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I never thought twice about queens and kings until I read about Catherine Parr. Her life was short, but sweet. Well, not all of it.
She was married twice, and was a widow twice. It was her second husband Lord Latimer, who was a constant court attendee, and without realizing it, had Catherine observed by King Henry VIII.
When her husband died, she had arranged to marry a man by the name of Thomas Seymour, but the king also offered a marriage proposal. One does not reject the king.
On July 12, 1543, she was married to King Henry VIII. She was thirty-one. She was his sixth wife, and final. She has a special place in history, as the queen who married the most.
Catherine was determined to make this marriage work, so she befriended King Henry VIII's children from previous marriages. Part of the queenís duties was to comfort the king in times of pain. King Henry VIII had been an athletic and handsome man in his youth. By the time he married Catherine, he was very overweight and suffering from multiple health problems, including an ulcerated leg. Sometimes, the fifty-two-year-old king couldnít walk. Things were going well. She even managed to calm the anger between King Henry VIII and his two daughters, Mary and Elizabeth. One of the ways she distracted him, was speaking of religious matters, and entertaining him.
But Catherine was not a pushover, especially when it came to Religion. The bishop of Winchester, Stephen Gardiner, wasnít happy about Catherineís presence in the courts, or her religious beliefs. (She was accused of being Protestant. I believe they were all Catholic) Gardiner was also sore from not being chosen to be Archbishop of Canterbury. The man who got the position was a Protestant sympathizer. This must of fed his fuel to go after Catherine.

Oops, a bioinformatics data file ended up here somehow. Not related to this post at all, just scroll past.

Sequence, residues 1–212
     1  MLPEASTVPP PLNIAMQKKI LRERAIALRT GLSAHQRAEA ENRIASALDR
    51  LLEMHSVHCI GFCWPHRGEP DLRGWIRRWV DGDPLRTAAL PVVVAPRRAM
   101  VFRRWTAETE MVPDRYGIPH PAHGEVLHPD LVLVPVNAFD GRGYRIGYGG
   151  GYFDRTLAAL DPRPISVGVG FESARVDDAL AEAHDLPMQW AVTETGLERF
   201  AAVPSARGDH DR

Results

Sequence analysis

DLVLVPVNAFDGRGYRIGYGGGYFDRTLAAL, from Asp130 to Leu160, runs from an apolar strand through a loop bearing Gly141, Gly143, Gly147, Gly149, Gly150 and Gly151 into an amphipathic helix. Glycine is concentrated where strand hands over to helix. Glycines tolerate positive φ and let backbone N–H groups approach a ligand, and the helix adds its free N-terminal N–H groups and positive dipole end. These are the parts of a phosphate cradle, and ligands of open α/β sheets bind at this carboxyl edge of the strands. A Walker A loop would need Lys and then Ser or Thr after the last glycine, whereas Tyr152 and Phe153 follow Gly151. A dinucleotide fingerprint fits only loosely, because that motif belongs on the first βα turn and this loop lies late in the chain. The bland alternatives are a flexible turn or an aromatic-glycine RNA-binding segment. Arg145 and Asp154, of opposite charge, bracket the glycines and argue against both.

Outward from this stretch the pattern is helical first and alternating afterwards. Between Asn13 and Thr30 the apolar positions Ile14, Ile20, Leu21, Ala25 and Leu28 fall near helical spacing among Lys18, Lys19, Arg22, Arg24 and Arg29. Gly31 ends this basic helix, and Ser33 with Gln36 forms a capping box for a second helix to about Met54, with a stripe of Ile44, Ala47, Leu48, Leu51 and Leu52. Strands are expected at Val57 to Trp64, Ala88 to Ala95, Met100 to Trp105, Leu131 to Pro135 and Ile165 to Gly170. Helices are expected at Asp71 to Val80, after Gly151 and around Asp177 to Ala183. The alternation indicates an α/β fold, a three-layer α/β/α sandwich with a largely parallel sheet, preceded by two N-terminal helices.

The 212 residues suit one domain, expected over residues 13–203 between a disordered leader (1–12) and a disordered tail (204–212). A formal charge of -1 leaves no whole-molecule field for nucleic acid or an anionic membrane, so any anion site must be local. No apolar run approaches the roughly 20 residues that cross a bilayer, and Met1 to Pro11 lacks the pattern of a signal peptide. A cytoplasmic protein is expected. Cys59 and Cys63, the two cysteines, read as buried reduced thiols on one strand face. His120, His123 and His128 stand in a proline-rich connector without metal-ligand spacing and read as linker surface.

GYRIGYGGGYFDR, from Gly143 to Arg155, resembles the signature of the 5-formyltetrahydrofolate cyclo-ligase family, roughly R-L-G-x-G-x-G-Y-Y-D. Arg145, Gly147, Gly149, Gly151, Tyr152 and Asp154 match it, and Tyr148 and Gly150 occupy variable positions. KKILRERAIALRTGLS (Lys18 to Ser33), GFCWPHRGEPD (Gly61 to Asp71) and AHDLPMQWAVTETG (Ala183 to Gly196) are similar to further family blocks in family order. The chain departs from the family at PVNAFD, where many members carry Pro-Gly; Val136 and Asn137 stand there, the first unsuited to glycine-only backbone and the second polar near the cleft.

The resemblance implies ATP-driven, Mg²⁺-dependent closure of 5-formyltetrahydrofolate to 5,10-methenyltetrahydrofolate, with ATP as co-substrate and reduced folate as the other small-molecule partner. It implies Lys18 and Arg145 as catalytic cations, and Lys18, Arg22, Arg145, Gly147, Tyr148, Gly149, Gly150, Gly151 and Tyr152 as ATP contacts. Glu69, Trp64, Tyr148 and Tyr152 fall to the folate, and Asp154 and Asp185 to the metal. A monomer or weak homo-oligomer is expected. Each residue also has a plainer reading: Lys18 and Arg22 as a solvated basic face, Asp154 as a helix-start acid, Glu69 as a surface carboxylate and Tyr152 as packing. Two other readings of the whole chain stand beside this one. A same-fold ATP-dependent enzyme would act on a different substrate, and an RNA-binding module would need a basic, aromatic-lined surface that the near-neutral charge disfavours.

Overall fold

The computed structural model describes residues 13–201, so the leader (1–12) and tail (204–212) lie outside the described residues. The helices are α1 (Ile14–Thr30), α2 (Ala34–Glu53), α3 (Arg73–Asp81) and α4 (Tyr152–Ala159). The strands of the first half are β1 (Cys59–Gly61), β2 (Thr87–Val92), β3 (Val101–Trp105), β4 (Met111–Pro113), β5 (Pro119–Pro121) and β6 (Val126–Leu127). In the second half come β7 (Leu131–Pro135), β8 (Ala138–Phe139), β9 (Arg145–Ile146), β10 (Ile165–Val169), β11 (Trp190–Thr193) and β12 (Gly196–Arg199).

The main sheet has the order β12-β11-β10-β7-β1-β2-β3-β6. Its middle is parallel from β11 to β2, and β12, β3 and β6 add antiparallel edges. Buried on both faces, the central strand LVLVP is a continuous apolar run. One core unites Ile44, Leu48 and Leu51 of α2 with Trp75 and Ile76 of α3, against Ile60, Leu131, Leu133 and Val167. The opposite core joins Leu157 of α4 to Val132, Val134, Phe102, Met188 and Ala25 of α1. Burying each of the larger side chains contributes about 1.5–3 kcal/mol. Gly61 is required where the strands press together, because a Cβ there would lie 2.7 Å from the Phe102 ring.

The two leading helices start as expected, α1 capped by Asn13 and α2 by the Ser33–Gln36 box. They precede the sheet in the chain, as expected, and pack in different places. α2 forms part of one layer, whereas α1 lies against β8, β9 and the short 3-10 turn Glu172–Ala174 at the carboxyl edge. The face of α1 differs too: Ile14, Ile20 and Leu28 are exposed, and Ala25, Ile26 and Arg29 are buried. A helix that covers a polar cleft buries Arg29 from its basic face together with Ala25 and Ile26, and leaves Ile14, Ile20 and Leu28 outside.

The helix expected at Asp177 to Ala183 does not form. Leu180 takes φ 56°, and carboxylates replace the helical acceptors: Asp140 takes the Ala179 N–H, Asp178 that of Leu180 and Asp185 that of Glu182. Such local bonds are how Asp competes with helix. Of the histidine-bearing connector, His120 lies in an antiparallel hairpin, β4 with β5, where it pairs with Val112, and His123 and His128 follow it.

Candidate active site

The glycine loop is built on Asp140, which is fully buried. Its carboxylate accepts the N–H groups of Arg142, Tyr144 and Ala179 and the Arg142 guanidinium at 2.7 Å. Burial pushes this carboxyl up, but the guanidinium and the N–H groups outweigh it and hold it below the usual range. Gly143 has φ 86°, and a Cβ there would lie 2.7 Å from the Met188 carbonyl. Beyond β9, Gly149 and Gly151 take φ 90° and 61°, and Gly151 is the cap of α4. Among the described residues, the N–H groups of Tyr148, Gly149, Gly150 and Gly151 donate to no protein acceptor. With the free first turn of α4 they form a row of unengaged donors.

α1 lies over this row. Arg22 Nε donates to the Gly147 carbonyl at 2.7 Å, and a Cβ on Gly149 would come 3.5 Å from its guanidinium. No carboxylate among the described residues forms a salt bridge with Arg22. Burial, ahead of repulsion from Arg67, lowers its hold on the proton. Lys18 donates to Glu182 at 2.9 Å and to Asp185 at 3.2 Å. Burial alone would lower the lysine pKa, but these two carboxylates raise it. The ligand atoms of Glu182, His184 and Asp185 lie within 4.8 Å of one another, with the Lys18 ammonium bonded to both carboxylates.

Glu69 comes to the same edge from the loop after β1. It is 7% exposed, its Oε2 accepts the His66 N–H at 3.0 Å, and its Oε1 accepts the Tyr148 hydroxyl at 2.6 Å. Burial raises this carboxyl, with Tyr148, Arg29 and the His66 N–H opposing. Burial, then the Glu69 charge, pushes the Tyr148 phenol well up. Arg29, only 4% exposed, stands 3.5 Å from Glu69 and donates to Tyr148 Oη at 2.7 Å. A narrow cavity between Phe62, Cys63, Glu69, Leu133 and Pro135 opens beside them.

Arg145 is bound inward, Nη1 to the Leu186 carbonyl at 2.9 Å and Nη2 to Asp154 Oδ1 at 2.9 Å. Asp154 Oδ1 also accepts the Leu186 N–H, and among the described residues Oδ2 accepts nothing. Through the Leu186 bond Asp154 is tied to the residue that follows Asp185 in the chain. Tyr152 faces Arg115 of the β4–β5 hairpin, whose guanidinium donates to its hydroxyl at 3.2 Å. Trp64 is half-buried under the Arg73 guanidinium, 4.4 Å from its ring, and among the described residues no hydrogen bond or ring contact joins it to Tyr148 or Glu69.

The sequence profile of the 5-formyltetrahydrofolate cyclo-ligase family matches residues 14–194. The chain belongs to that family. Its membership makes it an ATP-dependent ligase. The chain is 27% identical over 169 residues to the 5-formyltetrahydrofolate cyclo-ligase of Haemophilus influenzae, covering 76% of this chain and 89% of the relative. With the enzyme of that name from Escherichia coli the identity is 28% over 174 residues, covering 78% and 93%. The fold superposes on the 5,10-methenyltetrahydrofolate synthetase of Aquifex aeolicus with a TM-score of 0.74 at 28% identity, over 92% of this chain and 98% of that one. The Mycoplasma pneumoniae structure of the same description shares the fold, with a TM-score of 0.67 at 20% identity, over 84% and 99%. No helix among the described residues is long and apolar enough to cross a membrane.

Gardiner tries to get dirt on Catherine, by speaking to a woman named Anne Askew who was arrested for heresy. (I think thatís when you speak against something, such as religion) She was tortured to speak, and was almost snapped in two, but didnít reveal anything on Catherine.
Despite what he attempted on Anne Askew, he went to the king and told him that Catherine was a heretic, and given time, he could prove this. King Henry VIII was angered by this, and signed a bill against his wife.
While all this is going on, Catherine doesnít have a clue, until her doctor fills her in. He advises her to speak to the King and ask for forgiveness. So, she decides to do just that. She finds Henry in a good mood. However, Henry soon turns the conversation to religious matters, trying to trap Catherine into saying something that will prove her guilty. She spots the trap. She tells him that she can teach him nothing. She also says that her earlier conversations on religion were designed only to distract him from the pain caused by his health problems. The king saw the logic, and dropped the bill against his wife.
The next day King Henry VIII takes a walk around the Royal Garden accompanied by Catherine. This was the pre-planned time for Catherineís arrest. While Catherine and the king are enjoying themselves, Sir Thomas Wriothesley, an accomplice of Gardiner, arrives with a forty-man guard to arrest Catherine. The tables have turned, however, and the King sends Wriothseley packing, calling him a fool and beast.
In 1550, Gardiner he was deprived of his bishopric, and spent time in the Tower of London.
King Henry VIII died in 1547. Catherine then married Thomas Seymour. She died in 1548 at the tender age of thirty-six giving birth to her child, Mary. Mary didnít outlive her mother by much. But, in some sources, it says Mary was taken into the household of the Duchess of Somerset, where it says she died at the age of two.